Monday, February 16, 2009

Archdiocese Should Keep Great Spirit Open

Back in October, the Milwaukee Journal Sentinel reported that the Congregation of the Great Spirit could stay open if it could fully support itself. For whatever reason, I did not comment on that situation then, but it has been in the back of my mind ever since.

The Congregation of the Great Spirit is a Native American Catholic Church. They follow the Roman rite, but have tweaked certain portions (following the scholarship of liturgists) in order to incorporate their Indian cultures (especially the Lakota and Ojibwe). This includes a co-ed drumming circle and a penitential rite with burning sage.

As the Archdiocesan spokeswoman stated, the Milwaukee Archdiocese has a policy of each parish covering the salary of the priest. That is obviously only a general guideline since they have until now covered the Great Spirit's salary dole.

While if the parish does close, the parishioners can go to another Catholic Church, I doubt they will be able to bring their drums and burning sage. They may not be welcomed anywhere. This could in effect kill the Native American Catholic community. It is reminiscent of the US bishops, as a whole, refusing to reach out to African Americans after the Civil War (this is considered the main reason for there being so few black Catholics). Oddly, enough, I wonder if the two "black" parishes in Milwaukee (All Saints & St. Martin de Porres) could not financially support a priest because of poverty, would the Archbishop close them?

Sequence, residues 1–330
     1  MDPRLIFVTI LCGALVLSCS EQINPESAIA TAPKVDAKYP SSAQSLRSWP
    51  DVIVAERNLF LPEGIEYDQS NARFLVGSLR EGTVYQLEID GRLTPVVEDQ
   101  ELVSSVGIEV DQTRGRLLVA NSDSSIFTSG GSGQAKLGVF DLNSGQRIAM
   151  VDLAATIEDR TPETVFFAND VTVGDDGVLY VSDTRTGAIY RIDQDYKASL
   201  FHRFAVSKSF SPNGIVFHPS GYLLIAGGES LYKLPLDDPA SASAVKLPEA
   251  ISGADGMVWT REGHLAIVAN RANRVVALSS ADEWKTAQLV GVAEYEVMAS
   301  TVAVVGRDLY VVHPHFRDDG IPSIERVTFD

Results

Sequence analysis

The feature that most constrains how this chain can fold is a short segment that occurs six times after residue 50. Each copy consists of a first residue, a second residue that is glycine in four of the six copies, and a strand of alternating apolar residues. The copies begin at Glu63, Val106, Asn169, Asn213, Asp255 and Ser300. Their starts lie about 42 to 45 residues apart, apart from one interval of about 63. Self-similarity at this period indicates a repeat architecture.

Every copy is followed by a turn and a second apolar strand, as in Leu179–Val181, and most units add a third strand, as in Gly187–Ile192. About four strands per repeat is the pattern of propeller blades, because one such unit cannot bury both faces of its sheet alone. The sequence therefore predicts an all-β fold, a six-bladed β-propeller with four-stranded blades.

A Faithful Catholic


Dad29 said...

Clearly, the liturgical deviations cannot stand. Either it's a Roman Rite or it's not.

Of course, the other ceremonies you mention could be used outside of the church--e.g., in the school hall.

Terrence Berres said...

"It is reminiscent of the US bishops, as a whole, refusing to reach out to African Americans after the Civil War (this is considered the main reason for there being so few black Catholics)."

A speaker at the old Peter Favre Forum put it that Rome pushed for evangelization of the emancipated slaves but the American Bishops had other priorities. And they did have large numbers of immigrant Catholics and growth in the West to deal with.

She also pointed out that, even so, the Catholic Church had the second largest black membership among U.S. denomination.

Finally she said to Bishop Sklba that it was a scandal that most of the inner city parishes had been closed. He didn't take that well, replying with some variation of Our Hands Were Tied.

The explanation continues to be, essentially, the white Catholics moved away so what choice did they have.

At Archbishop Dolan's October 5, 2004 Regional Gathering on his plans for the Archdiocese, another attendee raised the possibility of re-opening one of the inner city parishes. The Archbishop said he'd need to know more before he could tell if that could be done. Apparently it can't.

Given that history, it's going to be hard to justify any extraordinary effort to keep any other poor parish open to serve some minority community.

Faithful Catholic said...


I think your reading of this history is very accurate. It was the Vatican in the late 19th and 20th centuries that tried to push the US bishops to reach out to blacks... to basically no avail.

And while I still like Weakland, I think there are three major blemishes on his record:

1) The priest sex abuse scandal
2) His $450,000 sex scandal
3) Bungling the closing of inner-city parishes.

Maybe some of those parishes needed to be closed, but I think he went overboard and lost an opportunity to reach out the black community.

Terrence Berres said...

Here's his hand-wringer in the February 19, 1999 Milwaukee Journal Sentinel, Weakland wants to see church minister more to central city.